WordPress, Ads and Yak Shaving

Since I started blogging 1,5 years ago, I have been struggling with the WordPress.com platform I’m using. The main reason for this is that it injects ads you have no control over if you are using the free plan.

People who follow me and read my stuff know that I am very critically against ads and the whole attention-based industry and this attitude has been reinforced during the past years. In fact, I highly suspect the way ad-driven platforms like youtube or facebook are built support and even encourage radicalization, therefore adding to the growing toxicity, hate-speech and even hate-crimes of our time.

Nonetheless, I had no clue where this blog would lead me to when I started and I am generally rather hesitant to spend money on media and tech (sounds strange, but that’s me).

There are also some minor things that annoy me once in a while, though for most things I have found workarounds meanwhile.

I read some things about static site generators during the last year and the possibilities and advantages really made me curious. It promised more flexibility, more customization, learning opportunities for modern tech tools and also a possibility to get my values more in line with my actions: avoiding advertising.

However, moving a blog to a static site is a huge amount of work and there are many very convenient things I’d lose or have to invest even more time and work to get them back.

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#100CodeExamples – Test updatable views with utPLSQL Cursors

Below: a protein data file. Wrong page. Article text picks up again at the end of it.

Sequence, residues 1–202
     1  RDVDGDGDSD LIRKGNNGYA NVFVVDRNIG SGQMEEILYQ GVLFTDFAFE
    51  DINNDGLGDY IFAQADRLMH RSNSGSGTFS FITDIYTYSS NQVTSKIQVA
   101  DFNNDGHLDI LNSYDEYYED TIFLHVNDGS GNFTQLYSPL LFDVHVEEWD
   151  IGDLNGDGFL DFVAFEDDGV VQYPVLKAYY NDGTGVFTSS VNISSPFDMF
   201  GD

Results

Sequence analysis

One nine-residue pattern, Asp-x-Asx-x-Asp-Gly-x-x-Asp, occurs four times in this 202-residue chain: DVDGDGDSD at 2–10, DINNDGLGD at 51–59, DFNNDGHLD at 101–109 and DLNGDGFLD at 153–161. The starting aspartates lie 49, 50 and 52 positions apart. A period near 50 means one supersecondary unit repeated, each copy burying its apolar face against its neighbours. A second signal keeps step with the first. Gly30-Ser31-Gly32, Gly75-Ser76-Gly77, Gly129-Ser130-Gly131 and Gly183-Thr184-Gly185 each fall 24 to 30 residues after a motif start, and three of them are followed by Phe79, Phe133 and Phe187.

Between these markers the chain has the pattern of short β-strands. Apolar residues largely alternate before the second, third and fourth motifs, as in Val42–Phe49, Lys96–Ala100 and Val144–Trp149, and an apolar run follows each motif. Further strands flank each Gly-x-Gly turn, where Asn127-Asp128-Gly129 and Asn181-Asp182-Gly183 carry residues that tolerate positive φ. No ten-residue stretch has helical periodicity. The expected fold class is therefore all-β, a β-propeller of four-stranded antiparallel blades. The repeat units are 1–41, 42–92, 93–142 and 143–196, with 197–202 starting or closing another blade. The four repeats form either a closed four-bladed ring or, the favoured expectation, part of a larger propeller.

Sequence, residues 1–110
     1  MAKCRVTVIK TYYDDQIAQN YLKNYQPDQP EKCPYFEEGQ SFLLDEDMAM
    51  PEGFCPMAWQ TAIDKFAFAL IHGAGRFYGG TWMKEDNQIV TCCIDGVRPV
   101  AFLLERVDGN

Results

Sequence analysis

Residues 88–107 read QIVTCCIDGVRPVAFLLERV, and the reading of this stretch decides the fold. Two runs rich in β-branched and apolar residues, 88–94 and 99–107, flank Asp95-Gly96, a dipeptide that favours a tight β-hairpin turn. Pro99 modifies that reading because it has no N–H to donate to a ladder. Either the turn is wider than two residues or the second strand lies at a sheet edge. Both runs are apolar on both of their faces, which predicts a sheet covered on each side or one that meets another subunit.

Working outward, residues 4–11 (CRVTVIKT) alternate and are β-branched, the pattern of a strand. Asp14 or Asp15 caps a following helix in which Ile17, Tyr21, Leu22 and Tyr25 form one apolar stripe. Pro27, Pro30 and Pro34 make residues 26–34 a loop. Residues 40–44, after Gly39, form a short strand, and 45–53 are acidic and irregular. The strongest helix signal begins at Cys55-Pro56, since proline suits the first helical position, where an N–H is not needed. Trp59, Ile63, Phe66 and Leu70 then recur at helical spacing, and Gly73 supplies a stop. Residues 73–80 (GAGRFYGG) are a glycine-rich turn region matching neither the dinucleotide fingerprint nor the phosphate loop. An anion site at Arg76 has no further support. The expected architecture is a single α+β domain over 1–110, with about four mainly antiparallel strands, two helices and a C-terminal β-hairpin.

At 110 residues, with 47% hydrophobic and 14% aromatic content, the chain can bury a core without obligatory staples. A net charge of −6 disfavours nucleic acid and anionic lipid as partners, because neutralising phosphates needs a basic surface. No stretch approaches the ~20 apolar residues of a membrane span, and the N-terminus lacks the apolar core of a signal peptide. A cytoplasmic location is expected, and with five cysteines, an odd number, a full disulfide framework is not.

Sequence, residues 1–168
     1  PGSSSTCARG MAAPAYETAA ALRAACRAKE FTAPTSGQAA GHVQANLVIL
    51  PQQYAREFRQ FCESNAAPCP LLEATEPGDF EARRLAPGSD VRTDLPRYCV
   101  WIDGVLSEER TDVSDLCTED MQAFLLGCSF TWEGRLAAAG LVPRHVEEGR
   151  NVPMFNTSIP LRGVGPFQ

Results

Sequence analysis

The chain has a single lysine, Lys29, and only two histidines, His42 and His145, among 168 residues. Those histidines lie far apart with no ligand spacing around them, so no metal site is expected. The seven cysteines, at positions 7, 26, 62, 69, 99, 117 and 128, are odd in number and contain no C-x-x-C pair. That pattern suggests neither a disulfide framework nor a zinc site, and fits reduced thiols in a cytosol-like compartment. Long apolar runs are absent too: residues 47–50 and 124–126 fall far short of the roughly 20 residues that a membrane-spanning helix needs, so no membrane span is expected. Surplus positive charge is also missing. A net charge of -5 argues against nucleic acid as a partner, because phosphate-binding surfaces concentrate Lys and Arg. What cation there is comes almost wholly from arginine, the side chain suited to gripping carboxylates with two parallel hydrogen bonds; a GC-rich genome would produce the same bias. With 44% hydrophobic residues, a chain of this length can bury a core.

We already looked at utPLSQL’s cursor comparison with user-defined types. If we have to deal with updatable views, we can use an even simpler approach and create nested table collections from %ROWTYPEs.

The scenario is similar to the previous one: we have a number of planets with or without garrisons. Now we want to be able to update the view with a garrison-ID which then automatically creates a new garrison-entry.

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#100CodeExamples – Constants in PL/SQL and SQL

We often deal with the same things in several places of our codebase, be it names, IDs, codes or something similiar. Problems arise when we write them slightly different, which we often don’t notice because it won’t create a compiler error.

Additionally, these things should often not be changeable once set, therefore most programming languages provide CONSTANTS.
PL/SQL does so, too, but to get these constants into SQL can be a bit tricky.

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